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Spot the diagnosis watch

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    (Original post by j00ni)
    As regards the OP's case, surely in situs inversus the AXR would be anything but unremarkable! - and would in fact give the diagnosis

    /edit: as for the 2nd case, I think the medics should let the non medics have a stab at getting some differentials, and we help them along, so that they can have a go at some PBhell, see if they like it
    Unremarkable was the wrong phrase. I meant it showed no acute pathology. I didn't want to make it too easy by saying it showed the spleen in the right hypochondrium and the liver in the left with the caecum lying in the LIF.

    On a similar theme though - I saw a lady last week on night's with known dextrocardia (no situs invertus). Her CXR had been incorrectly labelled the radiographer who did not know the lady's diagnosis and had just assumed it to lie on the left. There is also one recent case report of a similar presentation to above undergoing an abdominal CT scan as X-rays had been labelled the wrong way.

    The 2nd case is a bit harsh for pre-medics. PBL is great really guys - it gets better as the years go by.
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    (Original post by Ataloss)
    Unremarkable was the wrong phrase. I meant it showed no acute pathology. I didn't want to make it too easy by saying it showed the spleen in the right hypochondrium and the liver in the left with the caecum lying in the LIF.
    Fair enough, the only thing is that by saying the AXR was unremarkable leads to a working diagnosis of dextrocardia with normal LIF anatomy (and thus appendicitis being impossible)

    Plus, ignoring the AXR, a half decent abdo exam should have at least brought up the possibility of situs inversus.

    Personally I think Renal has either seen this case before, or has a rather bad habit of jumping to the least likely diagnosis in cases :p:
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    (Original post by j00ni)
    Fair enough, the only thing is that by saying the AXR was unremarkable leads to a working diagnosis of dextrocardia with normal LIF anatomy (and thus appendicitis being impossible)

    Plus, ignoring the AXR, a half decent abdo exam should have at least brought up the possibility of situs inversus.

    Personally I think Renal has either seen this case before, or has a rather bad habit of jumping to the least likely diagnosis in cases :p:
    - true.

    Although a patient with dextrocardia and a classical sounding history of appendicitis but in the LIF would raise your suspicions.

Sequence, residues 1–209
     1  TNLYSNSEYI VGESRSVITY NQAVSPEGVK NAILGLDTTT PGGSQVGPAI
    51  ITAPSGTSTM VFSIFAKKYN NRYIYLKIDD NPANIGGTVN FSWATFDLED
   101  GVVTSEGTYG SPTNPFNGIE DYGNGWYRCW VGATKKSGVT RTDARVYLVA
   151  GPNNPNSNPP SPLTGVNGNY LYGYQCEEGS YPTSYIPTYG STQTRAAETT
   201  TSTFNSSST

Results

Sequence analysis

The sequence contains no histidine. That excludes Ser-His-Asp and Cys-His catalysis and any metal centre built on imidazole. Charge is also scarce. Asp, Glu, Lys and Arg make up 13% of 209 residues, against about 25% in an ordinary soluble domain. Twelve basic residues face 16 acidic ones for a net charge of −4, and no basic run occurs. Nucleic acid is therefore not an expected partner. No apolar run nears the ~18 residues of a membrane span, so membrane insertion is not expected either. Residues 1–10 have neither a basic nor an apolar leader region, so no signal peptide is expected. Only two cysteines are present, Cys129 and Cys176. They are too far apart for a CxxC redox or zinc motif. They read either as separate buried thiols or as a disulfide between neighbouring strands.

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    An interesting recent case - you know the game - spot the diagnosis. This one is tough.

    A female in her late teens (with no significant known medical history) was having an argument with her father. He walked out of the room and heard a noise and on returning found her collapsed. He diagnosed her as having had a cardiac arrest, called paramedics and commenced BLS.

    On the paramedics arrival she was in VF. They were able to defibrillate her back into sinus rhythm.

    Her ECG on arrival in A&E showed an atypical ST elevation in V1/V2. The chest pain specialist nurse commented if she wasn't so young he'd have thought she'd had an MI.

    What's the likely diagnosis?
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    (Original post by j00ni)
    Personally I think Renal has either seen this case before, or has a rather bad habit of jumping to the least likely diagnosis in cases :p:
    Not that Renal's bloody awesome?

    I'm offended.

    Thing is, I just worked through it as a PBL case, what could cause RAD, what could cause peritonitis symptoms only in the LIF? And so on...
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    (Original post by Ataloss)
    Her ECG on arrival in A&E showed an atypical ST elevation in V1/V2. The chest pain specialist nurse commented if she wasn't so young he'd have thought she'd had an MI.
    And she didn't have an MI?

    Pericarditis? Massive PE? :confused:
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    (Original post by Renal)
    And she didn't have an MI?

    Pericarditis? Massive PE? :confused:
    Nope.

    Much rarer.
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    (Original post by Ataloss)
    An interesting recent case - you know the game - spot the diagnosis. This one is tough.

    A female in her late teens (with no significant known medical history) was having an argument with her father. He walked out of the room and heard a noise and on returning found her collapsed. He diagnosed her as having had a cardiac arrest, called paramedics and commenced BLS.

    On the paramedics arrival she was in VF. They were able to defibrillate her back into sinus rhythm.

    Her ECG on arrival in A&E showed an atypical ST elevation in V1/V2. The chest pain specialist nurse commented if she wasn't so young he'd have thought she'd had an MI.

    What's the likely diagnosis?
    Any cytogenetic abnormalities expected? Especially any that might predispose to aortic dissection?
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    (Original post by Fluffy)
    Any cytogenetic abnormalities expected? Especially any that might predispose to aortic dissection?
    There is a genetic abnormality - but nothing that pre-disposes to aortic dissection.